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David J. Griffiths in his "Introduction to Electrodynamics" (chapter2), says that the Electric field inside a cavity (in a conductor) which contains a point charge is nonzero. this is because we can choose a gaussian surface inside the cavity (just a little smaller than the cavity), then by applying Gauss's law:
$$\int \vec E \, .d\vec a = \frac{q}\epsilon_0 \rightarrow \vec E\neq0$$

and when the charge is outside of the conductor (the case of Faraday Cage), he argues that if we choose a closed path which is partly in the "meat" of the conductor and partly in the cavity, then we can prove that the Field is zero in the latter reigion ($C_1$ is the path in the conductor and $C_2$ is the path in the cavity):
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$$\vec \nabla \times \vec E=0 \Rightarrow \int_{C}\vec E. \vec dl=\int_{C_1} \vec E_1.\vec dl +\int_{C_2}E_2.\vec dl=0$$

since $E_1$ (the field inside the conductor) is zero, $E_2$ should be zero as well.

can someone plaese explain his second argument? I don't really understand it, what exactly is preventing us to apply this argument to the first case? conceptually and mathematically (in the context of electrostatics)

Thanks in advance.

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$\int_{C}\vec E. \vec dl$ represent the potential drop a charge would experience when it moves on a path defined as $C$. In this case, the path $C$ is indeed a closed loop. That is, where you start and where you stop are the same positions. Hence, the potential drop is zero.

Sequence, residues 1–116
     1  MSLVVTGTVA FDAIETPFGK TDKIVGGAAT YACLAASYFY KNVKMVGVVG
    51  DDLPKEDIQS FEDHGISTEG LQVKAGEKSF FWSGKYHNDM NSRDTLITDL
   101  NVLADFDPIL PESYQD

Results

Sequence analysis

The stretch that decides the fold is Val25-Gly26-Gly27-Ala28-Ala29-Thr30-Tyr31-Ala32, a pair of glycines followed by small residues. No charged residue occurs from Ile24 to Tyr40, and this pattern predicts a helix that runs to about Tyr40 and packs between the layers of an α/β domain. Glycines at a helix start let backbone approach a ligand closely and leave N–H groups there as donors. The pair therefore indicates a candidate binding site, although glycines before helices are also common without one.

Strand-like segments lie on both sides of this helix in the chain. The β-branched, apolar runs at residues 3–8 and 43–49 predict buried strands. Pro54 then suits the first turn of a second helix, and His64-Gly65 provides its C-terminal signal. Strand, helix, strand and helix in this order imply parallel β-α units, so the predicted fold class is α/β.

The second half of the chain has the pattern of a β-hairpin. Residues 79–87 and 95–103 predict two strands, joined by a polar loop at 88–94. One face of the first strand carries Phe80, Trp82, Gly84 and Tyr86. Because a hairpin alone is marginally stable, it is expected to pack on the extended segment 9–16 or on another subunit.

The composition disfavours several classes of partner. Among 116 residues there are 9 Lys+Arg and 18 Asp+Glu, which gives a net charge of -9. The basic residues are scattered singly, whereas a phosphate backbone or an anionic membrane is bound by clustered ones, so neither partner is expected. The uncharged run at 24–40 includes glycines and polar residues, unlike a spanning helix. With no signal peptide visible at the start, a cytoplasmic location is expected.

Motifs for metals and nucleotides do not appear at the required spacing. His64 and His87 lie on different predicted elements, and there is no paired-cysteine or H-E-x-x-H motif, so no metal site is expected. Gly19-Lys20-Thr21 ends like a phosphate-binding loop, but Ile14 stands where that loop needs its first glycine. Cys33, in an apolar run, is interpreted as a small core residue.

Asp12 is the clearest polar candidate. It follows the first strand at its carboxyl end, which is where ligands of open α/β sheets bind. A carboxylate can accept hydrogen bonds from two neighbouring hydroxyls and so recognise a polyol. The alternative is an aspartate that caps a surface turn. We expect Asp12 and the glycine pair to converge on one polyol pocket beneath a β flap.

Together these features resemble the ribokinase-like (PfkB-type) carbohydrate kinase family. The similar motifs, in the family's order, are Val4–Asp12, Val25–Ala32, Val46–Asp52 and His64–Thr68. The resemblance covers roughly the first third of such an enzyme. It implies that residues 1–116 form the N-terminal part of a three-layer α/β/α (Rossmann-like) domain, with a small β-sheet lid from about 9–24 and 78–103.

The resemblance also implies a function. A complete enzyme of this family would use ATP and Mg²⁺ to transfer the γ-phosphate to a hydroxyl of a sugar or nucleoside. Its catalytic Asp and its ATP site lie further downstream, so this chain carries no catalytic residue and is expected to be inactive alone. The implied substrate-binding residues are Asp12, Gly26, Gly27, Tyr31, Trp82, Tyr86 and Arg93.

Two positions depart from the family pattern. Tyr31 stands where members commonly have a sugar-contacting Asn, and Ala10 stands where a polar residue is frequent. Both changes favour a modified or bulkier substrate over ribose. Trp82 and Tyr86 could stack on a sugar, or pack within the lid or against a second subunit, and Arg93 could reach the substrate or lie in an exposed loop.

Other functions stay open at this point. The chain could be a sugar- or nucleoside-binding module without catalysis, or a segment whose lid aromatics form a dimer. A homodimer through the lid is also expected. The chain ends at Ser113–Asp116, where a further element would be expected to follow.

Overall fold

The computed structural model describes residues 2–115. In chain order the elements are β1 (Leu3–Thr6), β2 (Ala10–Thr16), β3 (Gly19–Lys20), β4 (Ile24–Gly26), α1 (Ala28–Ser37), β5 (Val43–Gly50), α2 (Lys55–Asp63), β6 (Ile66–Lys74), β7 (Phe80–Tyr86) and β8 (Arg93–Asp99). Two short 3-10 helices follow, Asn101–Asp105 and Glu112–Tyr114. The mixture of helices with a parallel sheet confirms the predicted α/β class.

Thus, $$\int_{C}\vec E. \vec dl=0 $$

Now, on dividing the path $C$ in $C_1$ and $C_2$, if electric field is zero in path $C_2$, moving on it, a charge can never experience a potential drop. So, both end points of path $C_2$ are at same potential, and so are the end points of point $C_1$. Hence potential drop about $C_1$ is $0$

As potential drop about path $C$ is given as $\int_{C}\vec E. \vec dl$, potential drop about $C_1$ will be,

$$\int_{C_1}\vec E. \vec dl=0$$

Now, you could obtain this integral as $0$ in three ways

  • $\vec E$ is perpendicular to $\vec dl$ at each and every point on path $C_1$. This would be irrational to argue as you could have chosen the path in arbitrarily any direction at a point and it can't be possible that $\vec E$ is perpendicular to the path at every case. So, this possibility is out of the zone of consideration

  • End points of path $C_1$ are same and it forms a closed loop, which is possible not going to be the case. So, let's move on.

  • The $\vec E$ becomes $0$ instead.

Oh no! Now we're just left with only possibility left so it's probability will be $100\%$.

Note: you might argue that $\vec E$ is variable inside the conductor and is so oriented that every path forms a net zero potential drop. Well, a field inside the conductor would generate a current and that would no longer be the case of electrostatics.

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  • $\begingroup$ Thanks. But sorry I should've explain my problem better. I can understand the second argument for the Faraday Cage, but what is preventing me to use this line integral for the first case when there's a charge inside the cavity? I also understand that from Laplace's eq. + uniqueness theorem that the constant potential is the answer and for the first case from Poisson's eq. that the constant potential isn't the answer for sure, so I just want to know that why line integral can't be applied to the first case. $\endgroup$ – Amtgh Feb 28 at 2:34

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